I recently discovered Not Done With Life Yet on my bookshelf and I was surprised it had hidden itself away from me for the last year. I received it as a gift from my cousin on my last trip to Palestine. She handed it to me at the end of my trip when I had finished researching my own book based there. At the time, I hadn’t the time to read since all my spare moments were used for writing.
I finally began the book and it was easy to read. I liked the author’s style. She keeps the writing simple but it echoes a vivid snapshot of the decades it spans with interesting insights into a time in history I wasn’t alive. Published in 2014, Not Done With Life Yet is the memoir of Wafa Darwish, a Palestinian woman from Jerusalem. Darwish’s pet tortoise, allegedly born on the same day as she was, becomes an analogy of her own life “trying to protect itself from a cruel world outside, it moves slowly, but in the end manages to survive.” From an early childhood of belonging, to the discovery of her declining visual impairment at age 8, Darwish tells her story of how she managed to finish her education “through Braille and other means” to become a professor and Dean of Birzeit University. Darwish’s memoir gives a unique glimpse into her vulnerability during a time of war, a single mother of two daughters with an insight into the world of revolutionaries who became the new professors of our generation.
As her memoir opens, Darwish situates herself in her daughter’s empty bedroom as she listens to the sound of her dog eating whilst reminiscing about her childhood. Her memories begin in the first house where she was born, “on the street that carried my family’s name until I don’t know when.” Reading this and being aware of the current situation in Jerusalem makes it ever more poignant and hints to me that there is something transient about this state and the history the house contains. Extravagant artifacts – the Hishe ceramic jars that “A hundred decades back or so” were each filled with gold and gifted to the sisters of her family married off to Turkish princes, and the handmade miniature furniture set carved out of “good wood better than much furniture wood used in most houses today” – reflect the history, wealth and historical status of the family that the backdrop of this house provided. The physical description of the house combined with its proximity to Al Aqsa, whose call to prayer can be heard from the house’s yard, creates an opening to the book that throws you back to a Jerusalem that would be unrecognizable to most Palestinians today.
For Darwish, the houses she lived in shaped her experiences. She writes that “Summers in the Darwish old city house were beautiful and active.” She remembers the garden like a slice of “paradise” and the parties her grandmother had with the house full of friends, singing, dancing and cooking. Remembering that “Living in that house then, meant possessing culture and hence identity,” Darwish links identity and belonging to the place she was raised in Jerusalem. The loss of the house signifies the start of a more troubled and tougher life.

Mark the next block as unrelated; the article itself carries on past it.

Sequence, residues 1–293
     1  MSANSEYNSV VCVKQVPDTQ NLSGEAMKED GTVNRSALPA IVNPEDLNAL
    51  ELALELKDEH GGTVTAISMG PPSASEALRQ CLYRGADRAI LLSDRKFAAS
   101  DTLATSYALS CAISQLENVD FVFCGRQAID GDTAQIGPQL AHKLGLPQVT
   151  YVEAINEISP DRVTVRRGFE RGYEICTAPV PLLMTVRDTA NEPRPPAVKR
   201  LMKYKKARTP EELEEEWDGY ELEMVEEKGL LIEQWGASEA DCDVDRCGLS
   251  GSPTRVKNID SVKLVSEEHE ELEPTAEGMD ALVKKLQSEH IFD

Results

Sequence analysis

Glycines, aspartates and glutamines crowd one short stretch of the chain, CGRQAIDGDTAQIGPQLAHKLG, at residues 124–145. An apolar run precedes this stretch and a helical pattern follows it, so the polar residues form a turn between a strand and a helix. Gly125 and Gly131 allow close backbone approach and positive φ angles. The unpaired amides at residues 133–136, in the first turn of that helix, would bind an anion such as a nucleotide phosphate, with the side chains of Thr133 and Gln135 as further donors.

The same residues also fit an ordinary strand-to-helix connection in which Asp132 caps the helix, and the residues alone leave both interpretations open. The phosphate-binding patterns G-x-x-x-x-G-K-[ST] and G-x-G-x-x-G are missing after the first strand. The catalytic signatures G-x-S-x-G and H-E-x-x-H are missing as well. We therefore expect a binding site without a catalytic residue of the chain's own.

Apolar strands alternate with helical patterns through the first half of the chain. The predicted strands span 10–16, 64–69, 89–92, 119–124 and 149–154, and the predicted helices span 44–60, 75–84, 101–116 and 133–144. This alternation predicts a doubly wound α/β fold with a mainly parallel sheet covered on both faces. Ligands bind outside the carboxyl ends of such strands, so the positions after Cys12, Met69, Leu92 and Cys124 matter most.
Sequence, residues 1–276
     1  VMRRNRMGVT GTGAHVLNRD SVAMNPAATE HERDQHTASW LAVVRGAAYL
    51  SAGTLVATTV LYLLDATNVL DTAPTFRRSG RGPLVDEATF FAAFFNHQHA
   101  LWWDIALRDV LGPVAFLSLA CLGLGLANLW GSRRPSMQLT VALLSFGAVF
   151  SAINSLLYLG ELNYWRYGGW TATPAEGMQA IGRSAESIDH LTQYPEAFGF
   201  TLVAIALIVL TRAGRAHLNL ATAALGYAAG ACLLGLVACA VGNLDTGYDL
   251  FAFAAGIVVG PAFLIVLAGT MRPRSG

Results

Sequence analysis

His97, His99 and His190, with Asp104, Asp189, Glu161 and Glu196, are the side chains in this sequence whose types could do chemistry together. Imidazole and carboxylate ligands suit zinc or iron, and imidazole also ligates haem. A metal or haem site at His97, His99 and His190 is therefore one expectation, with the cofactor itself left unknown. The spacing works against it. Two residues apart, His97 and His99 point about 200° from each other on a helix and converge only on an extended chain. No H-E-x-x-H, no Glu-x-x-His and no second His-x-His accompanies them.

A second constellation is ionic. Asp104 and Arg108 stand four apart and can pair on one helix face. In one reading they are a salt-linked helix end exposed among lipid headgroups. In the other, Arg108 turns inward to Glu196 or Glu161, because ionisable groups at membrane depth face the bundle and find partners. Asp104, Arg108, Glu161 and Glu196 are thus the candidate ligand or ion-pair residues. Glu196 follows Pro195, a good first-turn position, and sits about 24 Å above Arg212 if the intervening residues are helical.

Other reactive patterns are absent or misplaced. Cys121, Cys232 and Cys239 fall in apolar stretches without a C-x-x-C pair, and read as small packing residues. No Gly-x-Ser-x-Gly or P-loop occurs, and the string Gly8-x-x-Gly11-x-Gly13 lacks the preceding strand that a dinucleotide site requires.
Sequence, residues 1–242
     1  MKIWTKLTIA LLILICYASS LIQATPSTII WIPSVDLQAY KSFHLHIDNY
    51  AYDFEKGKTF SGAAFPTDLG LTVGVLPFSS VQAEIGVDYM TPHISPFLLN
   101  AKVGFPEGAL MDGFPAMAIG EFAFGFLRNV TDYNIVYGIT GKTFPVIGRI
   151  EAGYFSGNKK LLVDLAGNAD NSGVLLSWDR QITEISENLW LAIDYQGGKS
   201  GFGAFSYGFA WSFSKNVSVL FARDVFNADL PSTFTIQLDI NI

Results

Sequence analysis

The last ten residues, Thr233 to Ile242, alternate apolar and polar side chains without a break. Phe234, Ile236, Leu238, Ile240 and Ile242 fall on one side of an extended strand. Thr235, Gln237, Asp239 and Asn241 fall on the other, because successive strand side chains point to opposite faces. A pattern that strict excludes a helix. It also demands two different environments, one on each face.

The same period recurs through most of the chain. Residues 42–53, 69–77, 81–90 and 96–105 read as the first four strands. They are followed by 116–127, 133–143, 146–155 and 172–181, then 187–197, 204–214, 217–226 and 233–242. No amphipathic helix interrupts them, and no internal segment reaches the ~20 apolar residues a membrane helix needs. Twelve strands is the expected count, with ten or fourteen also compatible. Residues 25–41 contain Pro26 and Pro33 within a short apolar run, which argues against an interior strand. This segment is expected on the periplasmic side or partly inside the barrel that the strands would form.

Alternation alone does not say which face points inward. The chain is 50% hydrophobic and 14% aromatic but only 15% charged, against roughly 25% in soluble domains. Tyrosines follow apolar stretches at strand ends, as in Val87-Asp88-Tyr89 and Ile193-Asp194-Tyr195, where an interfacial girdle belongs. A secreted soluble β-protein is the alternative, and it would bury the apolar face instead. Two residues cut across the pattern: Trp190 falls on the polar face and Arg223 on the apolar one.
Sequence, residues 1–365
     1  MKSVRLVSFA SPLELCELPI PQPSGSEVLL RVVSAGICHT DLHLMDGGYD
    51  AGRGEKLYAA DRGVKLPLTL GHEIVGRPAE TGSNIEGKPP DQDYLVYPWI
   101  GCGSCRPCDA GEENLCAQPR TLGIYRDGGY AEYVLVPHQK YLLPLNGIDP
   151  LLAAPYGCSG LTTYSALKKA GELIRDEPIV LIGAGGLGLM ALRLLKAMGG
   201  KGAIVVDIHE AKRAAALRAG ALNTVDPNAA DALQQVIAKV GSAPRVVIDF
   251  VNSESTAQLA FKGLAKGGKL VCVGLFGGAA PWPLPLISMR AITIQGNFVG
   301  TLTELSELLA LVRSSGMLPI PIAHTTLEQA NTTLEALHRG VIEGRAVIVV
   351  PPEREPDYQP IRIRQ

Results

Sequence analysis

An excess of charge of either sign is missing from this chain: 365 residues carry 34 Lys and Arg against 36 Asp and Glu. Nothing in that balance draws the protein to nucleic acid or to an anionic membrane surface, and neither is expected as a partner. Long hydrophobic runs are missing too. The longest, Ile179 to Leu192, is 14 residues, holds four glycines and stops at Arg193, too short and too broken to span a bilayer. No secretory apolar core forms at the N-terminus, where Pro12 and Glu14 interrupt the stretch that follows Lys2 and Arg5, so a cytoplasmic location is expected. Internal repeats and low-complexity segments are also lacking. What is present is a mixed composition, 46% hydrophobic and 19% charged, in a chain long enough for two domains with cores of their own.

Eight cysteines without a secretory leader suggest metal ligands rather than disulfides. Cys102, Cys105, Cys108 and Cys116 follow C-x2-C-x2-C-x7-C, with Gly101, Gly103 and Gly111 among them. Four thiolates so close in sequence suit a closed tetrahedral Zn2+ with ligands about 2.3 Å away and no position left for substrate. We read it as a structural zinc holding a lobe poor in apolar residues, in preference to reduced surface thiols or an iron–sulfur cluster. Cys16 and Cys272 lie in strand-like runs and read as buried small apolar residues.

As she grows older, Darwish is moved to different houses with her family, and her good grades decline, leaving her subjected to “cruel treatment,” as her teachers, unaware of her visual impairment, struggle to understand why her work has deteriorated. A turning point comes as Darwish is hit by a truck and almost dies, since she “did not see it” when crossing the road. This event brings to light the seriousness of the decline in her vision and thus the decision is made for her to attend a school for the blind, only visiting home at the weekends.
The world Darwish invokes through her writing is incredibly visual, you almost feel like you can see it, forgetting that the world she sees wouldn’t be the same because of her disability. However, her vulnerability is made incredibly apparent as she is left with a young child during the war in Beirut: “I always imagined us dying trodden over on the staircase by the feet of people…as their lives would be more dear to them than a blind person tumbling down the stairs with a baby.”
Throughout her journey, Darwish travels from to Lebanon, Egypt, Cyprus and back home again, through two failed marriages, the threat of war, the joy and companionship of friends along the way, some of whom end up being her colleagues in her later life. Despite her disability, displacement and marginalization from her community as a single mother of two girls, she manages to finish her PHD and go on to become an academic figure in Palestine having “worked at Al Quds University and at Birzeit University as a Dean, Head of Department and Lecturer.”
At the end of the book, she reminds us that she is back in her daughter’s empty room as she listens to the sound of the dog crunching on dry food. The imagery of that mundane scene makes her survival and growth (including her return to her homeland in her academic position at one of Palestine’s top universities) stand out so intensely
By Shereen Malherbe, published via Muslimah Media Watch